Speed fine inquiry ‘never got through’
Red faces over shop colour A BLUE over the colour of a heritage-listed fish and chip shop in Sorrento has led to Mornington Peninsula Shire looking at ways of having the original colour scheme restored. It says it is “working with the tenant and the building owner to look at potential options to remove the paint” – despite having issued a permit for work. The contentious bright blue of the old The Esplanade building has shocked many locals, with Cr Bryan Payne describing it as “another blot on the heritage buildings in Sorrento”. But shop proprietor Julian Gerner, who is behind with the $50 million Continental Hotel redevelopment, defended the colour and confirmed the paint had not come into contact with prized raw limestone – only bagged render on the shop’s facade. “Taste is very subjective,” he said. The shire’s executive manager planning services David Bergin confirmed the building was within a heritage overlay under the peninsula’s planning scheme. “A planning permit was issued for minor works at the front of the building, including a deck and painting of the façade,” he said. “Council has received concerns from a number of community members about the painting of the façade, and is working with the tenant and the building owner to look at potential options to remove the paint.” Stephen Taylor
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Community thanks: Kathy Robinson receives her award from Dominic Tallon, Alf Tallon’s son.
Award reward for volunteer KATHY Robinson, of Hastings, is the recipient of this year’s Alf Tallon community memorial award. The goes to someone who contributes their time and effort to their community. It is supported by the Bank of Bendigo. Ms Robinson started volunteering 40 years ago as a driver for the Association for the Blind, while also advocating for people with disabilities and working for the Office of Public Advocacy. After retiring, she continued to support her community as treasurer of the Probus club and Hastings U3A. She also volunteers at the Bays Aged Care, the Reading for Life program,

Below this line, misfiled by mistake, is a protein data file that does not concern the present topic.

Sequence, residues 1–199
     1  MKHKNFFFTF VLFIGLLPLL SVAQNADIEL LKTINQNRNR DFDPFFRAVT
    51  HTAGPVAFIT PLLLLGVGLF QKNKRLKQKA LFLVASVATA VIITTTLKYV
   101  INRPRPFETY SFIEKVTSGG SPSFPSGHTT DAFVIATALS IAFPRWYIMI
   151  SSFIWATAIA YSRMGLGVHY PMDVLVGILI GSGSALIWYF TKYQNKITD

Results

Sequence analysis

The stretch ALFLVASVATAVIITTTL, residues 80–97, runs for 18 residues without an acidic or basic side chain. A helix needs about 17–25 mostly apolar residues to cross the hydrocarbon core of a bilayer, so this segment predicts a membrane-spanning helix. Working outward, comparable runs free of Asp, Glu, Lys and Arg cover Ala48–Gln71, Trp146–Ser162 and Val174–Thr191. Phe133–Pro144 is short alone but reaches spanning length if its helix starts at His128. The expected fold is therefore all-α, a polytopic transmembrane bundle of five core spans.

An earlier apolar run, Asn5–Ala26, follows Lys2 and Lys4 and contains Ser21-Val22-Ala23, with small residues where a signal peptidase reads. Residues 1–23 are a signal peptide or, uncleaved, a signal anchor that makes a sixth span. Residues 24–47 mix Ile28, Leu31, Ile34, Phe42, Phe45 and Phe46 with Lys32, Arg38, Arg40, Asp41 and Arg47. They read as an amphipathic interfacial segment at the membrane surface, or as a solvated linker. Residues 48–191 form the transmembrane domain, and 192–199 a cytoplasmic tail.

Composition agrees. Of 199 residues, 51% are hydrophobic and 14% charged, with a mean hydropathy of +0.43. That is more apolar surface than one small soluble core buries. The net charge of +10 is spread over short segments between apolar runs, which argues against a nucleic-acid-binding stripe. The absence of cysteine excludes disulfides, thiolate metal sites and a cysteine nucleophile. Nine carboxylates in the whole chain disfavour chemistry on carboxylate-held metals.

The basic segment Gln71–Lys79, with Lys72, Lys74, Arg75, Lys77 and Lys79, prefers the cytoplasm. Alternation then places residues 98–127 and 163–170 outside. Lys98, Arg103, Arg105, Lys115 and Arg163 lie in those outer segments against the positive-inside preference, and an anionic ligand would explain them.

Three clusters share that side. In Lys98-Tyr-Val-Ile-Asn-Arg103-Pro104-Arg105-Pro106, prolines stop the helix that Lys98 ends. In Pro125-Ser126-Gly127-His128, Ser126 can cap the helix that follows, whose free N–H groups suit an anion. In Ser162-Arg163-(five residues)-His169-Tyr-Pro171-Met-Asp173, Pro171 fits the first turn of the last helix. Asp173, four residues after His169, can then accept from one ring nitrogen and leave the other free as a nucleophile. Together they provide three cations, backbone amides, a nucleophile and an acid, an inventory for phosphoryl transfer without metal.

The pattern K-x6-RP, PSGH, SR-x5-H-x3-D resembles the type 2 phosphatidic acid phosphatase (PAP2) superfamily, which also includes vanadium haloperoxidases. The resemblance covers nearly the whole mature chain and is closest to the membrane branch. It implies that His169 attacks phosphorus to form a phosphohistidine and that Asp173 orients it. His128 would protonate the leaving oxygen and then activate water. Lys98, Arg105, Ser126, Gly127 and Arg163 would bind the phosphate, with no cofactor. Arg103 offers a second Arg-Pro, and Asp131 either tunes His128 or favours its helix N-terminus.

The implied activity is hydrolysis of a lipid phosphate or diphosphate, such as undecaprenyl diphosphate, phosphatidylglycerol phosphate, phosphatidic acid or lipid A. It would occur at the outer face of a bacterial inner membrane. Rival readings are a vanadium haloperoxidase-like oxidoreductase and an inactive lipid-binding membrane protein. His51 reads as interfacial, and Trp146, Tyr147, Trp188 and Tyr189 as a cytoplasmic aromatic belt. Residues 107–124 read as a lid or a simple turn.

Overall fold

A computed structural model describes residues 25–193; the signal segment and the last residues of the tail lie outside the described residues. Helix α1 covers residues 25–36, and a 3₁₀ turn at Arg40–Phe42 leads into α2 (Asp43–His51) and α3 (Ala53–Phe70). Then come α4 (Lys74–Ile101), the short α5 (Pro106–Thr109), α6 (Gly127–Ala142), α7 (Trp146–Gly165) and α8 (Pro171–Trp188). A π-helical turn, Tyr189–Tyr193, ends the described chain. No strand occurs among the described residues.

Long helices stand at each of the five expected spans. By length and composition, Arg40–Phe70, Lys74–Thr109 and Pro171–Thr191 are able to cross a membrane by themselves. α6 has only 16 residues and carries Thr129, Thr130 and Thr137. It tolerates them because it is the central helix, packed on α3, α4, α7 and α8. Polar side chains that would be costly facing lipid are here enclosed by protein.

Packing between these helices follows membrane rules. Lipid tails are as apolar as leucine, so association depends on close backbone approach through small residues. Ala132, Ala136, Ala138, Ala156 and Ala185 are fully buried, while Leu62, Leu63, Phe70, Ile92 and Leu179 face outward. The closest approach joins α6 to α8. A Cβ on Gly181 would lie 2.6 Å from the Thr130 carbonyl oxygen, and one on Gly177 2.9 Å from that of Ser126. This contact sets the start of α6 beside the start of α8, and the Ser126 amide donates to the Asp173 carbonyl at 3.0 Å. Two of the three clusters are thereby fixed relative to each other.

Western Port Secondary College breakfast program, as well as assisting in various roles with her church and the Vinnies Hastings conference. “Despite her busy life she always has time for family and friends,” Hastings U3A president Dianne Ashton said. Ms Robinson received a community award plaque from Dominic Tallon at a ceremony at the Hastings Hub recently. It entitled her to nominate a local organisation to receive $1000 – and she chose Hastings U3A. The money will go towards subsidising Hastings U3A’s 10th birthday and annual meeting on Tuesday 28 March.
A PORTSEA resident who lodged a submission to Road Safety Camera Commissioner John Voyage relating to his speeding fine says it “probably never reached him due to administrative errors”. David Gilder, who uses Peninsula Link regularly, said perhaps many others were in the same situation. “When I became aware of the commissioner’s investigation I wrote to Civic Compliance Victoria asking that I be added to the list of names that he required. I informed them that I had already paid my fine,” he said. “My request was forwarded to the Department of Justice and Regulation. I next received two letters from different sections of Victoria Police telling me a review had judged me guilty and that my fine was still valid. “There was no mention of Commissioner Voyage.” Mr Gilder said he did not request a review of his fine which was already paid. “All I asked for was to have my name added to the list before the commissioner to add credibility to his review,” he said. “After the bureaucratic run around I gave up. “One wonders how many others had similar experiences trying to contact the commissioner.”
Mr Gilder’s comments follows ‘Speedsters’ slow to complain’ (The News, 21/2/2017) in which Mr Voyage said he was puzzled at the lack of “objective evidence” received from motorists blaming their speeding fines on faulty Peninsula Link cameras. Mr Voyage was getting ready to wrap up the evidence-collecting part of his investigation which he said he wanted to finalise in six-to-eight weeks. His report was to then go to Police Minister Lisa Neville. Another fined driver, Mark Mercuri, told the Peninsula Link 108 group he recently received an email from Mr Voyage saying he was still “taking into consideration all the information” he receives, despite his being delivered a few days past the deadline. “I can only assume he will still be open to receiving any decent arguments, information or proof if you have it, which I’m glad he has so that’s a positive at least,” Mr Mercuri said. “It’s worth a shot so don’t hold back to help build a stronger case.” Peninsula Link 108 member Jarrod Salmon said the drivers’ deadline would have applied if Mr Voyage was receiving lots of correspondence and needed time to slow down and look through it all. “I can't see there being a problem with the odd [submission] hitting his desk,” he said.
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Western Port News 14 March 2017